New law aims to protect consumers from counterfeit goods sold online

Clothing and apparel make up about 30% of seized counterfeit items
Published: Sep. 20, 2023 at 3:04 PM EDT
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(InvestigateTV) — U.S. Customs and Border Protection (CBP) estimates that more than $100 billion in counterfeit goods are sold to Americans each year, some of which could be defective or dangerous.

The INFORM Consumers Act, which went into effect in June, aims to decrease the risk to consumers by deterring criminals from acquiring stolen, counterfeit, or unsafe items and selling them on online marketplaces.

Alaina van Horn, chief of the Intellectual Property Enforcement branch of the CBP, said ensuring that imported items are genuine and not harmful to consumers is vital. She said the act requires online marketplaces to collect, verify and disclose certain information from high-volume, third-party sellers.

“This regulation, it applies to marketplaces,” she explained. “It broadly defines marketplaces as any platform that facilitates a sale. Not only a sale, but payment storage which cuts broader than any previous legislation on this topic.”

The law applies to sellers on marketplaces that conduct 200 or more transactions totaling over $5,000 during a continuous 12-month period.

Marketplaces must also acquire and verify the seller’s bank account information, government issued ID, tax ID, and contact information. Changes must be certified annually.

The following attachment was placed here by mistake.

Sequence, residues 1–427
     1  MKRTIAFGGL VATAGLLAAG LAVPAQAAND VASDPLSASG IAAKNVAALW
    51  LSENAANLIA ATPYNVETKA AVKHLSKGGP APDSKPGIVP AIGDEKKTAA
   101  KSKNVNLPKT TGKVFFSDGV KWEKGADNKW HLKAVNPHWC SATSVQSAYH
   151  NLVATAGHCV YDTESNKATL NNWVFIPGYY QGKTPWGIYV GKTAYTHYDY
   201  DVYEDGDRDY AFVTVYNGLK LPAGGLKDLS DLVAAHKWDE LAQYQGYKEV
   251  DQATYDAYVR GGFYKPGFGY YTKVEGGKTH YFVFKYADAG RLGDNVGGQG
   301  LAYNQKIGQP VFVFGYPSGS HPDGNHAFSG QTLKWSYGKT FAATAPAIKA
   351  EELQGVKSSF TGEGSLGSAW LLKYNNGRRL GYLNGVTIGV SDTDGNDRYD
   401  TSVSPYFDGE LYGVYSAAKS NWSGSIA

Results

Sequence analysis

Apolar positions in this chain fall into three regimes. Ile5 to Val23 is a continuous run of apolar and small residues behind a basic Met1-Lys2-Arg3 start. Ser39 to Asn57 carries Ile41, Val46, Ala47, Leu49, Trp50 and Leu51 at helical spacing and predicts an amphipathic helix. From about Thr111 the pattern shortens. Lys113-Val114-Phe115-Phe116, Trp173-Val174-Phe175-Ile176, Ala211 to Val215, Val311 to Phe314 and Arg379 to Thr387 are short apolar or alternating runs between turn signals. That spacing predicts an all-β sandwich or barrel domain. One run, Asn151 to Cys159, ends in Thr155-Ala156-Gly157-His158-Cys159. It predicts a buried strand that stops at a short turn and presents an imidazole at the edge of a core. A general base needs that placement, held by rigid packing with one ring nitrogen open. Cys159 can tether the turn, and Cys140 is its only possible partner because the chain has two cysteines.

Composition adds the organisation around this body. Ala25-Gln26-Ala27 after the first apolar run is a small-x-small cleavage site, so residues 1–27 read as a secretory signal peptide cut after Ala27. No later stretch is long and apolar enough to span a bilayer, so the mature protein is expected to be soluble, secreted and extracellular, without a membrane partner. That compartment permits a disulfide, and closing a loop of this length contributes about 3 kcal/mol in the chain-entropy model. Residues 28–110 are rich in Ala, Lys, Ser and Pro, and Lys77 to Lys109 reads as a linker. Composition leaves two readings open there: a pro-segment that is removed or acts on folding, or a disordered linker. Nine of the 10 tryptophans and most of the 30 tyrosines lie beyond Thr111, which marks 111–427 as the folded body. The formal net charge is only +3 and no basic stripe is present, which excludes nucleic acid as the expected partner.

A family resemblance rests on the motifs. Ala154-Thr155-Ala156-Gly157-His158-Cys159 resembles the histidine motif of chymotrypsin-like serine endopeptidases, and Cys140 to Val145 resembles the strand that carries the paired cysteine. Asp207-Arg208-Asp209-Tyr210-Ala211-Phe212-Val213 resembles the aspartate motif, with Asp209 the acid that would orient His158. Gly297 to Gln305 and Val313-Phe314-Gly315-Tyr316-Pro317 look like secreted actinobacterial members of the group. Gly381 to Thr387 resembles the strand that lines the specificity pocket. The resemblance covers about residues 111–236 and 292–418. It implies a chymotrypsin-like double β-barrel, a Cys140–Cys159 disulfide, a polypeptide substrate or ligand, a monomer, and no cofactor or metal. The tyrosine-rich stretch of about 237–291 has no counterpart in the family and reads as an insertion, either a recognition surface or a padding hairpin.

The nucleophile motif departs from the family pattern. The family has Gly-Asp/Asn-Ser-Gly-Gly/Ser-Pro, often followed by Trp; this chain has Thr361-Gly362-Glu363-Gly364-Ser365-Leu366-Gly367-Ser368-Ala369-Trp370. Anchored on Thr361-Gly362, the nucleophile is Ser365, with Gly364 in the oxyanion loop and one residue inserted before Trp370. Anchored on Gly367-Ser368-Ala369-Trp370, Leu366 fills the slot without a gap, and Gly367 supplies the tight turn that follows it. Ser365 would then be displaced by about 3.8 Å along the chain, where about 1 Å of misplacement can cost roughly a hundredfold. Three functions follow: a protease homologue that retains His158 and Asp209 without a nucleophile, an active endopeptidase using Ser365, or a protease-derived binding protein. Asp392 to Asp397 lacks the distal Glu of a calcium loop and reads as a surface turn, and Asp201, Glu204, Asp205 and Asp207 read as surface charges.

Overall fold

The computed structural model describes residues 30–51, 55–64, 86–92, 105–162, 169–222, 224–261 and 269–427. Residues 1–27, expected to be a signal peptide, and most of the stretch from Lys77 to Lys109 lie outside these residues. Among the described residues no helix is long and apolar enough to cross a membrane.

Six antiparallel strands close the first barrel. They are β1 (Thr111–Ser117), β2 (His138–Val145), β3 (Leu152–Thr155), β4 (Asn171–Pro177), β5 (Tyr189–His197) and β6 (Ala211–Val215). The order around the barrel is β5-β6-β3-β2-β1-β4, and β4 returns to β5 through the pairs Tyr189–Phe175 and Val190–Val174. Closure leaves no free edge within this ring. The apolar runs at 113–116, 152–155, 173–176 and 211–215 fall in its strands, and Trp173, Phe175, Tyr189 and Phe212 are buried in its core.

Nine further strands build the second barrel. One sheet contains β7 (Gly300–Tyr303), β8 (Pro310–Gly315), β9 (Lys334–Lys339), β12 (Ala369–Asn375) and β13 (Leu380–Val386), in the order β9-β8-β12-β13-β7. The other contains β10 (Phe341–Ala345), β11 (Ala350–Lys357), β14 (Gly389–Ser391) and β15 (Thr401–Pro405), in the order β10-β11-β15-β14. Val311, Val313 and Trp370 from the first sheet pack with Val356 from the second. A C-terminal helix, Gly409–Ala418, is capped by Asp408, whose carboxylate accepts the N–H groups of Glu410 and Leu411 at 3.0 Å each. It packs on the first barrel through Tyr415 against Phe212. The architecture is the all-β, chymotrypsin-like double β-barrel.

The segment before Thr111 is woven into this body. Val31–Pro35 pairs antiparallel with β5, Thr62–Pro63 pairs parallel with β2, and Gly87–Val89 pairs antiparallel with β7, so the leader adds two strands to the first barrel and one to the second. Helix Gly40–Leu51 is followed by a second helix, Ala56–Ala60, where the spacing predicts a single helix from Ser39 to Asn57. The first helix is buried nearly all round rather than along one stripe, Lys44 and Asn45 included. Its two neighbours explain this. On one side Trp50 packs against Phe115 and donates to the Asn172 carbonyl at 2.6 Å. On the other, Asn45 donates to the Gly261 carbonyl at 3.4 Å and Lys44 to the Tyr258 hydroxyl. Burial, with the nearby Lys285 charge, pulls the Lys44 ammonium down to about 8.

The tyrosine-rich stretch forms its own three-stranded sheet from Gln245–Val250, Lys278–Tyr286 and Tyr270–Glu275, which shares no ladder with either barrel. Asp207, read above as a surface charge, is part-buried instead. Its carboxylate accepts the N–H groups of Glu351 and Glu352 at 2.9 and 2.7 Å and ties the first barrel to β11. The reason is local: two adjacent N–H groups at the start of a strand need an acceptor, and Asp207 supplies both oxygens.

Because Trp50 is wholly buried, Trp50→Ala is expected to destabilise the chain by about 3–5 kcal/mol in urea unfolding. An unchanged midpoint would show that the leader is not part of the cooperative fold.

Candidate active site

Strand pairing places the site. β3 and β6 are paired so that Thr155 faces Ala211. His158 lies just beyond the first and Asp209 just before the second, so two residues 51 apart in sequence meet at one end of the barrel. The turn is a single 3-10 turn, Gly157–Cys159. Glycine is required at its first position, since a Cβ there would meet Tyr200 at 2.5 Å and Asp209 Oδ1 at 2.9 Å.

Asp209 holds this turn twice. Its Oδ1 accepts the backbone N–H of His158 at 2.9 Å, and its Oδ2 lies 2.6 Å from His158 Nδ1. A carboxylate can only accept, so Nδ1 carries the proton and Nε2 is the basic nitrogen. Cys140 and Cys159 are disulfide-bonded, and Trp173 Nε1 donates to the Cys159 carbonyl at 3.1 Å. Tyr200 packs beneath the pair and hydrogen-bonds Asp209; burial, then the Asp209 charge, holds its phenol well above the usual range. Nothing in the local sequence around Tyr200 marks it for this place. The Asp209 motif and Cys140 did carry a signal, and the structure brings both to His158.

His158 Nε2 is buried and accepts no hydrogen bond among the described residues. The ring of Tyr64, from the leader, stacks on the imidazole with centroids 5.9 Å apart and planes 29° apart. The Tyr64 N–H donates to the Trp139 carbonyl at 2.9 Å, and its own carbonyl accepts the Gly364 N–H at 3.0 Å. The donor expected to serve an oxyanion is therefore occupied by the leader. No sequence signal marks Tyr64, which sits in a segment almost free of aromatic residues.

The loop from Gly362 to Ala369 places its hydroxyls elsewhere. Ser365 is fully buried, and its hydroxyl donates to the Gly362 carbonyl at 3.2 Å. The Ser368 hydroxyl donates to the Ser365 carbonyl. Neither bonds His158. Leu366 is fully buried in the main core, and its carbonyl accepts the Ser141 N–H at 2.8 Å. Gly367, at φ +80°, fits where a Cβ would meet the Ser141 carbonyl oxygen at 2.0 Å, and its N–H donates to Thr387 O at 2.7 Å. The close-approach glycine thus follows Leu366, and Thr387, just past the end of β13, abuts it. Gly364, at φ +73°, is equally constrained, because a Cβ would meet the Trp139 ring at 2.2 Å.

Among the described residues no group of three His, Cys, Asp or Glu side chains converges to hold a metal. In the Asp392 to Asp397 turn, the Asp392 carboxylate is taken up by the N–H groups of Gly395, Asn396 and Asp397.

“When there is a high-volume seller that makes over $20,000 in annual sales, the platform has to provide clear and convincing information on who the seller is, who the manufacturer is, where they are located, and this is the most important if. How to reach them!” van Horn shared.

According to the Federal Trade Commission (FTC), violations could result in civil penalties of more than $50,000.

Consumer Watchdog Teresa Murray with the U.S. Public Interest Research Group (PIRG) welcomes the accountability brought forth by the act. She said this law is a major step towards helping cut down on counterfeit items and bad sellers.

“For example, with a lot of the counterfeit goods that come in, I mean everybody knows they’re counterfeit, but these sellers continue to sell them, and now it basically allows people to not be hidden in the shadows as much anymore. You can’t hide!” Murray said. “It’s a way for the online marketplaces to track people who are the most egregious offenders.”

Consumers can report suspicious marketplaces or suspected violations of the INFORM Act directly to the FTC.